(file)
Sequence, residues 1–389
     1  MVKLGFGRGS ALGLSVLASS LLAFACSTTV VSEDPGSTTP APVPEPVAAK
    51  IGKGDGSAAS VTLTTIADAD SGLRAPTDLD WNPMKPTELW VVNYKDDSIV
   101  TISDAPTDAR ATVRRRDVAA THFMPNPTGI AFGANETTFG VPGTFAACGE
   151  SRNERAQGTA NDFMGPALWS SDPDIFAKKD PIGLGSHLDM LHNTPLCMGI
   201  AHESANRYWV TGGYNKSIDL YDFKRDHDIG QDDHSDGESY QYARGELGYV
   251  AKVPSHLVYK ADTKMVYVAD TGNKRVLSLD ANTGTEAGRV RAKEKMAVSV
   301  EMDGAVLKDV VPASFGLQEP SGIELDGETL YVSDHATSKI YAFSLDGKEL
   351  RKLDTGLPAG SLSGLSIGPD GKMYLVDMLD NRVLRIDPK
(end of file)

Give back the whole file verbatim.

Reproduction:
Sequence, residues 1–389
     1  MVKLGFGRGS ALGLSVLASS LLAFACSTTV VSEDPGSTTP APVPEPVAAK
    51  IGKGDGSAAS VTLTTIADAD SGLRAPTDLD WNPMKPTELW VVNYKDDSIV
   101  TISDAPTDAR ATVRRRDVAA THFMPNPTGI AFGANETTFG VPGTFAACGE
   151  SRNERAQGTA NDFMGPALWS SDPDIFAKKD PIGLGSHLDM LHNTPLCMGI
   201  AHESANRYWV TGGYNKSIDL YDFKRDHDIG QDDHSDGESY QYARGELGYV
   251  AKVPSHLVYK ADTKMVYVAD TGNKRVLSLD ANTGTEAGRV RAKEKMAVSV
   301  EMDGAVLKDV VPASFGLQEP SGIELDGETL YVSDHATSKI YAFSLDGKEL
   351  RKLDTGLPAG SLSGLSIGPD GKMYLVDMLD NRVLRIDPK